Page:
Barth Keck: Critical Race Theory Is Our Modern-Day Crucible
English teacher Barth Keck takes a look at the parallels between Arthur Miler’s classic play and the current culture wars.
e burn a hot fire here; it melts down all concealment,” says Deputy Governor Danforth, the man who oversees the Salem witch trials in Arthur Miller’s play, “The Crucible.”
Mr. Danforth is, in a word, uncompromising in his mission to prosecute accused witches. His view of the world contains no uncertainty:
“But you must understand, sir, that a person is either with this court or he must be counted against it, there be no road between. This is a sharp time, now, a precise time – we live no longer in the dusky afternoon when evil mixed itself with good and befuddled the world.”
It was Danforth’s arrogant self-assurance that struck a chord with me while we read “The Crucible” in my 11th grade English class this fall. It reminded me of what was happening in nearby Guilford.
Over the summer, a slate of five alternative candidates won the Republican primary for the school board’s open positions. Their goal was to rid Guilford schools of Critical Race Theory (CRT), a framework that critics have termed an “anti-white, radical leftist agenda [that] is being used by public schools to indoctrinate students.”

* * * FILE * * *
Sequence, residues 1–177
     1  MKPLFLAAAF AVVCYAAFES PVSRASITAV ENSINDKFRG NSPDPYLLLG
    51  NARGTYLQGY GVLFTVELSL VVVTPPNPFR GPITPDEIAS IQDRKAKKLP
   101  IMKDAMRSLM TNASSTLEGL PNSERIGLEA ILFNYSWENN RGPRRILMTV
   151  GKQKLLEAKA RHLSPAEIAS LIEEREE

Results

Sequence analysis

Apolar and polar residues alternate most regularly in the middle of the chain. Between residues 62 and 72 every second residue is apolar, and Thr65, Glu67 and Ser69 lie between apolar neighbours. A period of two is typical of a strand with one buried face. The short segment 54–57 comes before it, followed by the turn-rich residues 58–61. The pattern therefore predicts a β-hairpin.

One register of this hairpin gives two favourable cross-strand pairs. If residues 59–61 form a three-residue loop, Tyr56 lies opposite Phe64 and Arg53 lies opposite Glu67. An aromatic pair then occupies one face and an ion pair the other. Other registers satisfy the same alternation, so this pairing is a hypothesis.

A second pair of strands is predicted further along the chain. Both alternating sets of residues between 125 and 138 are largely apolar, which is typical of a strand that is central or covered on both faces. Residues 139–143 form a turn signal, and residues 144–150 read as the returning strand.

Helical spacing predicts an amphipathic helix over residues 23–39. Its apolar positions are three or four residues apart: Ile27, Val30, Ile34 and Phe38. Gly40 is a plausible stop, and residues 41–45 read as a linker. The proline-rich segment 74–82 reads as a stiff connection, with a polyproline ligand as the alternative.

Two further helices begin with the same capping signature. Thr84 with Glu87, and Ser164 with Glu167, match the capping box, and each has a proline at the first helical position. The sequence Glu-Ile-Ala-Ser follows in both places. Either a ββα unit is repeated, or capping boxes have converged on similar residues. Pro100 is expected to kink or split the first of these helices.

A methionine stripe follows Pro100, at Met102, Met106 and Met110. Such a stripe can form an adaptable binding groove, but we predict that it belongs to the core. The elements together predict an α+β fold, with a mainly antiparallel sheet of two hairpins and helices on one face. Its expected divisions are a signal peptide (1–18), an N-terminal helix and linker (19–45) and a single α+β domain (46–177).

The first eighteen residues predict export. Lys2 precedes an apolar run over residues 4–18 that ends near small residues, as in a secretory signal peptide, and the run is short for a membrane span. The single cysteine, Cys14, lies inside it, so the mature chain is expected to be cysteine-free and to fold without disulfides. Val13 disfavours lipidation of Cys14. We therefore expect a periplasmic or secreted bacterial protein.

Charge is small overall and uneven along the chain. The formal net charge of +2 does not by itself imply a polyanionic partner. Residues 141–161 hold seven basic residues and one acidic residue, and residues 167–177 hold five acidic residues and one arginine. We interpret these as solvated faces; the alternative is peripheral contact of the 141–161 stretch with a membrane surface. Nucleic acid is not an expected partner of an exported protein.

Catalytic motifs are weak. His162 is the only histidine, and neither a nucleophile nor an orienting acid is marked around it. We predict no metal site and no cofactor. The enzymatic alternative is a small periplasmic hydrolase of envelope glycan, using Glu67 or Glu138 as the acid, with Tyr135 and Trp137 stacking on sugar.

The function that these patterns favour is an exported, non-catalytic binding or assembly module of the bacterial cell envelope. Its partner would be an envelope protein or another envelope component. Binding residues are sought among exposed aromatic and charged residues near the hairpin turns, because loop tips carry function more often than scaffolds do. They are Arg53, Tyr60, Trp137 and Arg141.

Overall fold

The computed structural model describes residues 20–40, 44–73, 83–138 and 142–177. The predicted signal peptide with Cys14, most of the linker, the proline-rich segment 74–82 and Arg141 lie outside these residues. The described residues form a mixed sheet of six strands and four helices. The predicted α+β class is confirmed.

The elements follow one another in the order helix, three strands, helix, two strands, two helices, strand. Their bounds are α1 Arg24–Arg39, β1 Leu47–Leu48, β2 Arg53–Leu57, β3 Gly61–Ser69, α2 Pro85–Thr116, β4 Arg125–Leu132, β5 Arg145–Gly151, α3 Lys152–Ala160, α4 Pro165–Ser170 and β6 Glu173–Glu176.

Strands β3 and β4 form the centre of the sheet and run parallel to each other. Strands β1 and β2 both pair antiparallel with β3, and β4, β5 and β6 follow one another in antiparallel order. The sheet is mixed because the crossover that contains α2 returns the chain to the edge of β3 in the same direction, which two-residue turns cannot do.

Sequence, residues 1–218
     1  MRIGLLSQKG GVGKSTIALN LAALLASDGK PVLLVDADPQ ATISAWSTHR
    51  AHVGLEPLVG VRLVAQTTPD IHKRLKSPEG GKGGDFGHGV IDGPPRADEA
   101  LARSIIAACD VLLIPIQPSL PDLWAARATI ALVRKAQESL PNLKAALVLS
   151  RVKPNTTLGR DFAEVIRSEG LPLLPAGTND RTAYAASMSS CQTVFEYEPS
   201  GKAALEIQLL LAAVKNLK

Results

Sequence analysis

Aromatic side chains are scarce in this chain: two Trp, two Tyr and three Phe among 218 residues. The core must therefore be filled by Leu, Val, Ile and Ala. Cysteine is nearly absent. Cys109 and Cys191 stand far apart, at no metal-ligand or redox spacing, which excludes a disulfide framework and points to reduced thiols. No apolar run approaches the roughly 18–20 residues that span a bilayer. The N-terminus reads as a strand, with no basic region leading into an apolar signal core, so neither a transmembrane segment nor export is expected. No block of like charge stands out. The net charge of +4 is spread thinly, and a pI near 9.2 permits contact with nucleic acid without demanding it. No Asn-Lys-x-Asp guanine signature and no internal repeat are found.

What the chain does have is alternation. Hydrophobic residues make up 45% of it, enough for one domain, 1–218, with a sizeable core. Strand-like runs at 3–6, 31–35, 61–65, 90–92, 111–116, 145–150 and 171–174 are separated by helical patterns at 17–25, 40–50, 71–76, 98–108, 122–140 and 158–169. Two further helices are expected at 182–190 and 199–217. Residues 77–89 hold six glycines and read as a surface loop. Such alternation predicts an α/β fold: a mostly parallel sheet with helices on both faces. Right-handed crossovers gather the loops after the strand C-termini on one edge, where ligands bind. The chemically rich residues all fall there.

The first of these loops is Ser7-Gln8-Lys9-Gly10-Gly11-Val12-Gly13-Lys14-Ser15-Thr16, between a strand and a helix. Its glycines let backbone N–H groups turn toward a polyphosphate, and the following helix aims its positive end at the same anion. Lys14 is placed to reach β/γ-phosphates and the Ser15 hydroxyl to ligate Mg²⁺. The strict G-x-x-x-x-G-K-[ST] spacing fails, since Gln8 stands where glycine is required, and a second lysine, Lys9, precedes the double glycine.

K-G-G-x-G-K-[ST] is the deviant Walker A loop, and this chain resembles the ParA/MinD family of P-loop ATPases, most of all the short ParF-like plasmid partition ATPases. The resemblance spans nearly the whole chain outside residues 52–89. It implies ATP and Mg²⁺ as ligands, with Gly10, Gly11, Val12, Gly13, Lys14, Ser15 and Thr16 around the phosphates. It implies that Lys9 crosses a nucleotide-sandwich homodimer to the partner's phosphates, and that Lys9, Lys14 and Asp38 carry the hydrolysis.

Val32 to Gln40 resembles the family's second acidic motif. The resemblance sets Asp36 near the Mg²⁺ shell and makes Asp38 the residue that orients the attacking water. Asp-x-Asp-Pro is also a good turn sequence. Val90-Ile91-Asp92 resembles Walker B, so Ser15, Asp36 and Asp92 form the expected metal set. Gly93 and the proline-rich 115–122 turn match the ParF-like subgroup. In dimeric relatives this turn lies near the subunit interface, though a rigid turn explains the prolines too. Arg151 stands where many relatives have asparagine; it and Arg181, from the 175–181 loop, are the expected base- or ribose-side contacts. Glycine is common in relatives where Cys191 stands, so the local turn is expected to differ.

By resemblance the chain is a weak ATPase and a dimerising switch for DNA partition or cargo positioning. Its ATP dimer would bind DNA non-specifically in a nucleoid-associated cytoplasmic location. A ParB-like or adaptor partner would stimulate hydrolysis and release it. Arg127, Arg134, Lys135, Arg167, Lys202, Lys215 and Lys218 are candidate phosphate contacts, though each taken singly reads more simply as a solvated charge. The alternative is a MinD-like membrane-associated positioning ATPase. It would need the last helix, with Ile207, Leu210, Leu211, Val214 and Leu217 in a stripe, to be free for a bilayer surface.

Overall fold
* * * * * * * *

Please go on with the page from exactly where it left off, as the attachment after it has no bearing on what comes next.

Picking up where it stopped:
The CT Examiner reported that Danielle Scarpellino, one of the GOP candidates, said in her nominating speech “that she felt the current Board of Education had shown an ‘inability to oversee our superintendent Paul Freeman’ and said that she would ‘ensure that [the children’s] education is free from all indoctrination.’”
Curiously, the new slate of GOP candidates offered no tangible evidence that Critical Race Theory – originally developed for law students in the 1970s – is employed in Guilford schools. Ambiguous anecdotes and innuendo were offered, but any connections to CRT were tangential, at best. Indeed, the charges were not unlike the “spectral evidence” that led to the hanging of accused witches in Salem.
“At a certain point, the high court of the province made the fatal decision to admit, for the first time, the use of ‘spectral evidence’ as proof of guilt,” explained playwright Miller. “Spectral evidence, so aptly named, meant that if I swore that you had sent out your ‘familiar spirit’ to choke, tickle, or poison me or my cattle, or to control my thoughts and actions, I could get you hanged unless you confessed to having had contact with the Devil.”